LLMs (Master of Laws) in the USA: an Overview
One of the world’s leading providers of LLM programs, the US’ law schools have high-quality facilities, extensive legal databases and excellent reputations.
The law has been relied on in the US to settle disputes between people of different cultures that might never have arisen in other, more homogeneous, countries. This has resulted in a legalistic culture that offers lawyers status and an opportunity to earn very substantial amounts of money, encouraging many of the best and brightest American students, along with those from other countries, to go to law school.
Law in the US is unusual in another important regard, too. The first degree offered by American law schools – the Juris Doctor (JD) degree – is actually a second degree for those who obtain it. This is because JD programs are open only to holders of a first degree (normally in a non-legal field). Thus, legal studies are postgraduate programs in the US.
Search our database of LLM programs in the USA
Why the US should be considered for LLMs
In the increasingly global legal market, lawyers in more and more specialities need to master more than one legal system. Doing an LLM abroad is one way to accomplish this. Doing so in America offers many advantages for a foreign lawyer, providing the opportunity to develop not only knowledge but also a strong contact base.
Here are 6 reasons why you should study your LLM (Master of Laws) in the USA:
1. A knowledge of American substantive law – and legal institutions – is helpful for those whose clients will have interests in the US, or who will represent American clients abroad. Given America’s substantial global diplomatic role, diplomats and other government officials can benefit from such knowledge as well.
2. For those programs that specialise in other areas of law, such as international law, exposure to international law experts and substantive international law issues.
3. Learning common (or ‘case’) law method and its attendant reasoning process is particularly valuable – and surprising – for lawyers trained in civil law.
4. The sophistication of the US legal system makes it an influential example for those looking to redesign their own systems as well as for interpreting current laws. Knowledge of it is therefore of value to judges, regulators, practising lawyers and others.
5. Future interactions with American lawyers are made easier by an understanding of how they are trained.
6. Studying at a top American school (eg Harvard, Yale, Stanford, and so on) is a marvellous addition to your CV.
In addition, the leading American law schools boast all of the supporting services that will allow you to get the most out of your experience: massive library collections, fully wired campuses with extensive legal (and other) databases, computer technical support and instruction, professional career advice, etc.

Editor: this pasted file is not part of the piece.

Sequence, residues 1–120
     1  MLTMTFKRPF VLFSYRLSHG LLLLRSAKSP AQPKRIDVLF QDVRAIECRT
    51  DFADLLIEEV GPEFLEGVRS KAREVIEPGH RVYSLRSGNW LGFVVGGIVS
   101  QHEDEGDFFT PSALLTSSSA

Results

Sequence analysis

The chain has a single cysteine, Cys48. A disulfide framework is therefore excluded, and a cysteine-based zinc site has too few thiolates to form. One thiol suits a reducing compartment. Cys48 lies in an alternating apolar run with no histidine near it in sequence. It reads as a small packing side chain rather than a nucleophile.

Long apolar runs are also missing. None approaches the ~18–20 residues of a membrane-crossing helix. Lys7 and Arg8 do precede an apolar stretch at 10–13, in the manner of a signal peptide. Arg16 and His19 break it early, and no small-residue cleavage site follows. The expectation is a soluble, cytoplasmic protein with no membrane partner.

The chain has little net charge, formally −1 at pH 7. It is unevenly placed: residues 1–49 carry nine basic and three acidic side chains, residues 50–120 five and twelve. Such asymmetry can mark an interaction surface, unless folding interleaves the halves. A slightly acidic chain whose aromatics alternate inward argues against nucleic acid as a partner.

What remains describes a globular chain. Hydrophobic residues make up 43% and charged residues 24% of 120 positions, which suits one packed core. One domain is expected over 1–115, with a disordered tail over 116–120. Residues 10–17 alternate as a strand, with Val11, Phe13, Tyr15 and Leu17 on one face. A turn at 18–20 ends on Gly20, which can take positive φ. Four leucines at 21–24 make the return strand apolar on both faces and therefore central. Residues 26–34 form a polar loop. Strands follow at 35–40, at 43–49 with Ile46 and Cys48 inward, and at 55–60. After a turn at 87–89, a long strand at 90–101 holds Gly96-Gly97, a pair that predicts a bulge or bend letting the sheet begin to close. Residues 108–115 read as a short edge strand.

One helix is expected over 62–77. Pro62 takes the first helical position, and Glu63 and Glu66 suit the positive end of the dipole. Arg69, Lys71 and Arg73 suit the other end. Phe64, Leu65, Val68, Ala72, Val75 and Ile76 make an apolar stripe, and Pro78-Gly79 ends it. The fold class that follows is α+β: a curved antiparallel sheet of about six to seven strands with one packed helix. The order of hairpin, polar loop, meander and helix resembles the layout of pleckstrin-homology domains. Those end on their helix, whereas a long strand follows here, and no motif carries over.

Although many American law schools are quite large, with as many 2,000 students in total, most LLM programs are quite small. Stanford, for instance, offers an LLM with a specialisation in either corporate governance and practice or law, science and technology. It enrols just ten students per year in each specialisation. As a result, students can benefit from the extensive scope of such a school without sacrificing the close-knit feature of being on a program with just nine other students.
The US LLM programs
Over 100 American law schools offer LLM degrees, which cover a large range of subjects. It is not just the subject matter that differs amongst programs. For instance:
Some are open only to experienced lawyers, others only to those in public service (judges or government officials) and still others only to those intending to teach law.
Some programs are designed for American students, others for foreigners and still others for both.
Some allow you to take one or more courses in other parts of the university (such as the business school).
Research-track programs require that you write a major research paper by the end of the year, whereas course-track programs do not.
Practicalities of a US LLM (Master of Laws) program
Length of a US LLM program
Programs last approximately nine to ten months. Most programs in the US are full time, but even those part-time programs that do exist are generally closed to foreigners due to visa complications.
Start dates of a US LLM program
Most programs start in August.
Timetable for applications
Schools usually start to accept applications in September or October of the year before classes start. Final application deadlines range from early January to late April of the year in which you intend to start the program, but it is generally a good idea to apply as early in the admissions cycle as possible. Note that applications are not considered until every required component has been submitted.
All foreign candidates must hold a first degree in law from a university recognised by the American Bar Association or its foreign equivalent. Unlike many European and other LLM programs, American law schools require that LLM candidates are law school graduates.